Look over the following questions and activities. In this chapter, they are designed to give you an insight into the type of People-Centric culture that fits your business. If you are part of a leadership team, discuss this together. Talk about the issues raised in this chapter and come to an agreement about what a People-Centric culture could look like in your business.
Application Activity 6.1: What’s Missing in Your Culture?
This activity can easily and quickly turn into a bitch session. That’s not what I want for you. Rather, I want you to think back over those critical moments in the recent past where someone made decisions and took actions that led to poor outcomes for the company, their customers, or each other. In other words, would different decisions/actions have made a world of difference in the outcomes you experienced? So, let’s begin.
List five to six examples of decisions that went the wrong way or behaviors that failed to produce desired results. Be as specific as you can, short of identifying, by name, the person or persons you are describing.
Do the decisions and actions you described reflect what can be expected, given your company culture? Remember Simple Truth #2—all organizations are perfectly designed to get what they always get. Were the outcomes of these decisions and actions very troublesome to the point you wanted to do something about them?
Given this, what, specifically, would you change about your culture in order to get different/better decisions/actions and outcomes? Pick one or two aspects of your company culture that need to be addressed, but describe them in enough detail that others might understand your thinking.
Application Activity 6.2: What Would a People-Centric Culture Look Like in Your Organization?
There is no “one size fits all” when it comes to describing a People-Centric culture. Each company, in part due to its industry, its history, its size, its current culture, and its leaders, will end up with a different color of the People-Centric spectrum. We need to understand what is possible before we can be confident about the kind of culture we need to create.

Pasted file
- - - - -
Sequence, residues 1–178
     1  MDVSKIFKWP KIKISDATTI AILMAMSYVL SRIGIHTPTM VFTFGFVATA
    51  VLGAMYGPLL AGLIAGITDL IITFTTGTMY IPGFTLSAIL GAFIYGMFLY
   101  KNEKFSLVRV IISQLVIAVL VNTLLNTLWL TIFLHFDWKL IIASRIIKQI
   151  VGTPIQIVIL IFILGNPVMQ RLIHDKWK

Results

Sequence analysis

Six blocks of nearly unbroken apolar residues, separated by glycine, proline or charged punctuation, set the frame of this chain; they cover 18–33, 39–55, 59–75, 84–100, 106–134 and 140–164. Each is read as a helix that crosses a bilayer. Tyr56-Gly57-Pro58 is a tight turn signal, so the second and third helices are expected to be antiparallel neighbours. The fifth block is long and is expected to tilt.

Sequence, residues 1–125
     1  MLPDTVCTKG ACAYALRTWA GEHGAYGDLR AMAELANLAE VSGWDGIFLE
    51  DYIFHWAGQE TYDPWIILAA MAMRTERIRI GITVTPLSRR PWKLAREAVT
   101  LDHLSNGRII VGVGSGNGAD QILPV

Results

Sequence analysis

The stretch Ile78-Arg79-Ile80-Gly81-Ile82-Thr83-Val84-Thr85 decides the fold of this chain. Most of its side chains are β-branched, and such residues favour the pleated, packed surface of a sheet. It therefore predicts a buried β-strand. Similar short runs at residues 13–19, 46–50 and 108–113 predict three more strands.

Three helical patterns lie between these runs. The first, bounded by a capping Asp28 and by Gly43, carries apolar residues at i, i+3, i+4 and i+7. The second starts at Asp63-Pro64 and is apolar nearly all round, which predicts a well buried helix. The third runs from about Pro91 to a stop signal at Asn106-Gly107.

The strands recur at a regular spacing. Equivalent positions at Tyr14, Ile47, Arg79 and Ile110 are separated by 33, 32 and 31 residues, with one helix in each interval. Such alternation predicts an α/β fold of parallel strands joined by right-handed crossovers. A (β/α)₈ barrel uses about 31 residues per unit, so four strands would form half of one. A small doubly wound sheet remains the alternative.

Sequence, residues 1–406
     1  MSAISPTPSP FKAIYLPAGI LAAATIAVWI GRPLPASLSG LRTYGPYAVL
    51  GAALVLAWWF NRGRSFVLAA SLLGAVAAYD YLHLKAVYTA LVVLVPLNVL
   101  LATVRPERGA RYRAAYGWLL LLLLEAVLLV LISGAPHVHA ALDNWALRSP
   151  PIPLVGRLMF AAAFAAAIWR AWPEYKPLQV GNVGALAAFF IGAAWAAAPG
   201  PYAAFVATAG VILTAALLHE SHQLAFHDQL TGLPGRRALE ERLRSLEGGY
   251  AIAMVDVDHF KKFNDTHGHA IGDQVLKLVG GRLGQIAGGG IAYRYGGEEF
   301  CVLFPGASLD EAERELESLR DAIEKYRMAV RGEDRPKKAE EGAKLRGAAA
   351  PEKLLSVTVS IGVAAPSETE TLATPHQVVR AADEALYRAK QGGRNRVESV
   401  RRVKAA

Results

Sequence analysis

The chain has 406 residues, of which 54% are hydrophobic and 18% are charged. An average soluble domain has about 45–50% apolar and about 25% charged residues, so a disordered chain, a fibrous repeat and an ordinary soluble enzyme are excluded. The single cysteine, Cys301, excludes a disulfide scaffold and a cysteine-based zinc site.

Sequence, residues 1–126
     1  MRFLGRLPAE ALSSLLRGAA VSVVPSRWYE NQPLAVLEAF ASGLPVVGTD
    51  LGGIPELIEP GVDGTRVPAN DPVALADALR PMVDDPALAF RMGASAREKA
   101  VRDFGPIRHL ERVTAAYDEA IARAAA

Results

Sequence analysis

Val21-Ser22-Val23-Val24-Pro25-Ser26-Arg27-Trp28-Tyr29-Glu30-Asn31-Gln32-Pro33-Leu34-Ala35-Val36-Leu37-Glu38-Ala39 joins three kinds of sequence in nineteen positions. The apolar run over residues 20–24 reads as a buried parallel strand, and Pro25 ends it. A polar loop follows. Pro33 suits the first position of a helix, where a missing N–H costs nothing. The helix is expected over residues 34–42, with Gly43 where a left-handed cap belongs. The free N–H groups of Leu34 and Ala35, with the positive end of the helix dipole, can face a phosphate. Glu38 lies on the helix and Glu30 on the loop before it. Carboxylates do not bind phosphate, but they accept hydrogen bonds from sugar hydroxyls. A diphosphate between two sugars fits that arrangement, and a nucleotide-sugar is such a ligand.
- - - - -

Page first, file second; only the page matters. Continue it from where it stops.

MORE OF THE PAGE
Let’s start down this path by trying to understand what your people would be doing if
you had a strong People-Centric culture. Talk about this with your leadership team. Don’t talk in the abstract, attempting to describe a series of abstract values that you might want to embrace. Rather, think back to the real experiences of your people.
Give examples of what your people would be doing when they are at their best in serving their customers, the business, and each other.
When your people are at their very best, how engaged are they? What can we count on them to do that might not be in their current job description; that is not really expected?
What results do our people produce when they are at their best?
Why is this important given the changing business challenges we face?
List a dozen examples. Ask others (e.g., your leadership team, your people) the same questions. If you can get close to understanding how people behave when at their best, you are getting close to answering the question: “How do we want our people to behave all the time?”
Once you can articulate your People-Centric culture, then you can decide whether it is the kind of culture that would help your company prosper—one that would adapt quickly to changing circumstances that, metaphorically, are just down the road and around the next corner.
Now ask yourself:
Can we prosper in a growing white water world without this type of engagement and the results it produces?